Finally, the agency of the future needs the marketer of the future. Marketers need to play a major role in dictating the pace of change. Digital engages consumers throughout the marketing funnel, simultaneously in real time, which requires brands and agencies to adapt. The old, siloed model of advertising, promotion, sales, customer service and IT just doesn’t cut it anymore.

Put simply, if marketers really want to rapidly and radically impact change in the agency ecosystem, it starts with how they allocate dollars. If you buy into the first two implications, it changes the way you fund your marketing efforts and organize around it.

3. What’s the way forward – what do agencies need and how do they need to be aligned in order to be more relevant and more valuable strategic partners to marketers? How do we as an industry work to reach the golden age?

Frankly, no one model will likely be perfect for every marketer. I believe the prototype for the agency of the future is one that is responsible for both brand planning and the core elements of earned, paid and owned media executions. This agency shouldn’t come from a broadcast-centric background and it should have digital in the center, in its bones — because that’s where consumers increasingly are.  But the agency of the future would not be biased toward digital, either. Ultimately, it will have traditional media planning and buying capabilities as a core service offering but this shouldn’t be the driver of the agency’s strategic thinking.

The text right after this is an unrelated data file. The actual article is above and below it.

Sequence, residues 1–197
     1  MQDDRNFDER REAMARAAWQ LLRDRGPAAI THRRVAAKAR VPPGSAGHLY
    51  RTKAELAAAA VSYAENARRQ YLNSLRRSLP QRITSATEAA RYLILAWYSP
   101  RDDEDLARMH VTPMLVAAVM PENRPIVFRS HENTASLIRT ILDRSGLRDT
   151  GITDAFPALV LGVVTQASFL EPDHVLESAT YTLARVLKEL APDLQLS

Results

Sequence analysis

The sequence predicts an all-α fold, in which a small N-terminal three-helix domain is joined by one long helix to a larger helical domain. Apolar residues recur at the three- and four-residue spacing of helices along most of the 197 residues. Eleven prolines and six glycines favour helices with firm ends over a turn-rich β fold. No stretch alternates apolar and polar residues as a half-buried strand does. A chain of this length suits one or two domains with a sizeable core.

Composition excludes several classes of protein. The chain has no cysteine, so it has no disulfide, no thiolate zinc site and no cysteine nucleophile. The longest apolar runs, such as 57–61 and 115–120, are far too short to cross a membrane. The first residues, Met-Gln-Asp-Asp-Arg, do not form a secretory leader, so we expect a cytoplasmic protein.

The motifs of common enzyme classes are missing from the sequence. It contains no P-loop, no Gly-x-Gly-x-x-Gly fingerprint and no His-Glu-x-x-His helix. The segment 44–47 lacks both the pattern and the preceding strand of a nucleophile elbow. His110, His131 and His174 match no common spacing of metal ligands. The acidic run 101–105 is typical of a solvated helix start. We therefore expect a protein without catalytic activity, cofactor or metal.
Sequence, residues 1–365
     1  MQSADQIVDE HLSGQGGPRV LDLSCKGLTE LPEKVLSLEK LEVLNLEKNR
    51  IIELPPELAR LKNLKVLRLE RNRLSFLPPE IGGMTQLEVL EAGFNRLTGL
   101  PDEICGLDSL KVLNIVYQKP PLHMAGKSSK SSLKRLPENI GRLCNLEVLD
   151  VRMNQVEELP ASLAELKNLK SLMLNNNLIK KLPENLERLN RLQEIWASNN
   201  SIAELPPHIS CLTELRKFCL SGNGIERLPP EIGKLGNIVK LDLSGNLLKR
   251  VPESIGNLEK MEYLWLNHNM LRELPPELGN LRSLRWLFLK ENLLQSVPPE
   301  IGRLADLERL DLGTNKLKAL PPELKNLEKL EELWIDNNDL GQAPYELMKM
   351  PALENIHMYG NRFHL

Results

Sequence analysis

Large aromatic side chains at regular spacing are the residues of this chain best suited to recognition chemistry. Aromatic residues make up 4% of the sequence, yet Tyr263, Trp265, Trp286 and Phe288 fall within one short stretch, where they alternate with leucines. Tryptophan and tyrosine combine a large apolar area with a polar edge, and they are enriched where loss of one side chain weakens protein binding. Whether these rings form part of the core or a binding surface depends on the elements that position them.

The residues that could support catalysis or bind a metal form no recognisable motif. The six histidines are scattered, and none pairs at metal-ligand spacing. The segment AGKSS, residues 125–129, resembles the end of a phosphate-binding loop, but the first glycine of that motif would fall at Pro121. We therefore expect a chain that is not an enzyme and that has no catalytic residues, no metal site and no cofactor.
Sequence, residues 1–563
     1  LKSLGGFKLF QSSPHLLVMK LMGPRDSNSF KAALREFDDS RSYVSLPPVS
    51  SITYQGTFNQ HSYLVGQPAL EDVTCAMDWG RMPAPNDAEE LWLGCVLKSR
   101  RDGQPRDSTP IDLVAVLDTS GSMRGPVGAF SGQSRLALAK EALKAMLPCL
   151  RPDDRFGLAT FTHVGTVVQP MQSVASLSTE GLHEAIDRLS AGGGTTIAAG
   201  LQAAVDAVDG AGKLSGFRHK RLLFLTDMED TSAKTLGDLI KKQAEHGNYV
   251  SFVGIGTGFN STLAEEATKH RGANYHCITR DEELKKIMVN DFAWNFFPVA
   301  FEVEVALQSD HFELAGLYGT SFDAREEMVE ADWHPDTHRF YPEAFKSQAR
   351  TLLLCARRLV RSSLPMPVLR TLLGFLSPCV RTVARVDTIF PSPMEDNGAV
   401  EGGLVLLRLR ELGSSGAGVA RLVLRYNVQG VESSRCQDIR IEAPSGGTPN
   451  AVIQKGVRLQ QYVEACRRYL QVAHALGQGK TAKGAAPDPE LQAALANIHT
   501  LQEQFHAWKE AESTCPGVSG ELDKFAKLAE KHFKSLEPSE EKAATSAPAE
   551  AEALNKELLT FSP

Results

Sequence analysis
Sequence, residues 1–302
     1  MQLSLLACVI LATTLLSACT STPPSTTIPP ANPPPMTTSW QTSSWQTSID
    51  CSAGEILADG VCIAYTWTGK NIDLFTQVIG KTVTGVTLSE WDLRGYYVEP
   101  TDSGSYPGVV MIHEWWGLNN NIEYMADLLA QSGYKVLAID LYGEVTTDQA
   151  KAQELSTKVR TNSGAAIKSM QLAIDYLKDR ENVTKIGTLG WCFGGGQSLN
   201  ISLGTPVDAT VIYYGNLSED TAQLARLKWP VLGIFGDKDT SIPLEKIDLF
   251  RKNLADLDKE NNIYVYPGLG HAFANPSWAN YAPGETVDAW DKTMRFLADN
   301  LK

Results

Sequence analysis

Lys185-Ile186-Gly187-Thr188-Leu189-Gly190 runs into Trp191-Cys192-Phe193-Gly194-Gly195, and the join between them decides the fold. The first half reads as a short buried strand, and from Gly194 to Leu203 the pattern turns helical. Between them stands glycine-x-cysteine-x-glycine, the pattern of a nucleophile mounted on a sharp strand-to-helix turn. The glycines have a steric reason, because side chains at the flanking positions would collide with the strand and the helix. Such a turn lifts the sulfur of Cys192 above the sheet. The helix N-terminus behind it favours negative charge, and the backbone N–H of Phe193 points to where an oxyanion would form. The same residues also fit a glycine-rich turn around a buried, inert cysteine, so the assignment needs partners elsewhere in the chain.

As agencies we should be most focused on building a model that can provide the most value to a variety of marketers. To that end, I think there’s a core group of capabilities that are indispensable regardless of the model.

  1. Every agency needs to excel at using the Internet as a complement to traditional research tools to mine the consumer insights that inform brand strategy and fuel continuous improvement of marketing programs. This is very different than the typical pre and post campaign insights and analytics and we’re done approach.
  2. Every agency also needs to have digital expertise in their DNA, with search, social and mobility — three things that have completely transformed consumer behavior — as the three key legs of the stool.
  3. Finally, agencies must be platform and tactic agnostic and marketers need to give us the freedom to be. Mobile, online, TV, print — who cares? It’s about driving brand engagement and achieving the marketer’s core objectives, using the platforms and tactics that will best help us get there.

What do you think the agency of the future holds? Join the conversation and let us know your thoughts in the comments below.